Mr. Dodd’s numbers in polls have gone “down, down, down,” said Maurice Carroll, the director of the Quinnipiac University Polling Institute, though he said there had been “a blip of an up” before another drop. “It’s partly self-inflicted, but partly he’s a victim of the times,” Mr. Carroll said. “People are sore at Washington, and there goes what’s been a good Senate career.”
That might cut both ways. See the post on South Carolinian Republicans attacking Senator Graham for cooperating with Democrats.
“I think he is just accepting the facts,” said Edward L. Marcus, who led the Democratic party in Connecticut from 1992 to 2000, “and you have to congratulate him for doing the right thing.”
And a blog post in the NY Times:
Democrats Face Shifting and Perilous Political Environment
By JEFF ZELENY AND ADAM NAGOURNEY
President Obama awoke on Wednesday to a dispiriting reality: Less than a year after taking office on the strength of a historic Democratic sweep, his party is facing a shifting and perilous political environment that could have big implications for this year’s midterm elections and his own agenda.
He is not doing well right now.
The rapid swing was underscored by the sudden announcements that Senators Christopher J. Dodd of Connecticut and Byron L. Dorgan of North Dakota would rather retire than fight the uphill – and uncertain – battle toward re-election. Word that the Democratic governor of Colorado, Bill Ritter, had made the same decision only heightened the perception that the party’s fortunes had turned after a year in which a conservative push against Mr. Obama’s ambitious agenda, a sluggish recovery from the deep recession and an outbreak of angry populism nibbled away at his political strength.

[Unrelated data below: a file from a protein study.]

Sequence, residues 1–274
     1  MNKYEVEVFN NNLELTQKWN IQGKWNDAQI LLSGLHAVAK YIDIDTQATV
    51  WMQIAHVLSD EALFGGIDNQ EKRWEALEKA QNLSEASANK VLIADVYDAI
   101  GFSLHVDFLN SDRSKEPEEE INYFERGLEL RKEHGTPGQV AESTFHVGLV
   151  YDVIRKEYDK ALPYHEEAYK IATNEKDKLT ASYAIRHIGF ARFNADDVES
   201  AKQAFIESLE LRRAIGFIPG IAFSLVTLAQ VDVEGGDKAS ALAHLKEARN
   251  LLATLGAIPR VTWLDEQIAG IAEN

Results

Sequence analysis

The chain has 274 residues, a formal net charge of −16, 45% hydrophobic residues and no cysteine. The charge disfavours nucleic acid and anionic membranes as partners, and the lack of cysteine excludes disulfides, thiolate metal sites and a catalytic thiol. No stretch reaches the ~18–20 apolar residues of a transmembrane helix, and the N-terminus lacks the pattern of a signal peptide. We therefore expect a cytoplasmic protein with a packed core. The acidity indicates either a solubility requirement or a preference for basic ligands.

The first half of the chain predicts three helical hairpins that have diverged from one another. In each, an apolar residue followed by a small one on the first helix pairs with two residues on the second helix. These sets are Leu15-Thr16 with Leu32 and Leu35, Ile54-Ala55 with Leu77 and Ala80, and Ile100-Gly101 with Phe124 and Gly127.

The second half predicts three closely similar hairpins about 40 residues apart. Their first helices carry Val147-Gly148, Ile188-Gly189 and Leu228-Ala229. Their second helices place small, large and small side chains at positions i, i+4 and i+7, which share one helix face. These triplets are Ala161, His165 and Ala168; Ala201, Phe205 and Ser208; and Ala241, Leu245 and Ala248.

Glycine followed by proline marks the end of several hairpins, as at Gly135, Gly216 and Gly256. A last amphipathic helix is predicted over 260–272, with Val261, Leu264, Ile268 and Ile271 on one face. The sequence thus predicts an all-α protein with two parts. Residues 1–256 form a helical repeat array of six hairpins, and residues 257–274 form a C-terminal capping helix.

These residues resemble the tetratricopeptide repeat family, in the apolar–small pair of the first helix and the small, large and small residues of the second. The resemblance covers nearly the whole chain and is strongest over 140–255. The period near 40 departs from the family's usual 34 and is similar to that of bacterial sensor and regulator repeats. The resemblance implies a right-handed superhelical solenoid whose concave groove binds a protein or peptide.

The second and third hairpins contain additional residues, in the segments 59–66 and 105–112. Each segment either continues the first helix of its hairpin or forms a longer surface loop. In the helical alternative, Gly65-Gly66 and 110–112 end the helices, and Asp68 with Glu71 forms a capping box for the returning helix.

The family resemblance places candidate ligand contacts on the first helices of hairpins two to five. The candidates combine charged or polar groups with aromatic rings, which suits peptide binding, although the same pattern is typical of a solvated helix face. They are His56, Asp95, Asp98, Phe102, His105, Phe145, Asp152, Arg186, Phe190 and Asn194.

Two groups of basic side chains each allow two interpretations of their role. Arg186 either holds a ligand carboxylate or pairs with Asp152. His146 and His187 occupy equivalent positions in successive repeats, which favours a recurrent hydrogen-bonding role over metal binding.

The White House knew, of course, that this would be a bleak political year. Seldom has a week passed where a Democrat, fearful of the outcome in the midterm elections, hasn’t switched parties or jumped ship entirely. But the decisions from Mr. Dodd and Mr. Dorgan, who have served a combined 46 years in the Senate, brought new attention to the party’s troubles.
And just one year ago the governing prospects were so bright; typically, the Democrats botched it up.
The prospect of Democrats holding their Senate majority – 60 votes to overcome Republican filibusters – is now clearly more difficult. While Mr. Dodd’s departure actually seems to increase the chances of his party holding his seat, Mr. Dorgan’s retirement gives Republicans a good shot at a pickup in a conservative-leaning state. And while legislative politics is always complex, even with 60 votes – just look at what it took for Democrats to get a health care bill through the Senate – Mr. Obama’s agenda will become even trickier to pass with each lost Democratic seat, especially in the Senate.
Democrats have tried and largely failed all year to win over moderate Republicans as they push Mr. Obama’s initiatives. The Democrats would become even more reliant on centrist Republicans like Senator Olympia J. Snowe of Maine, should they lose their 60-seat majority.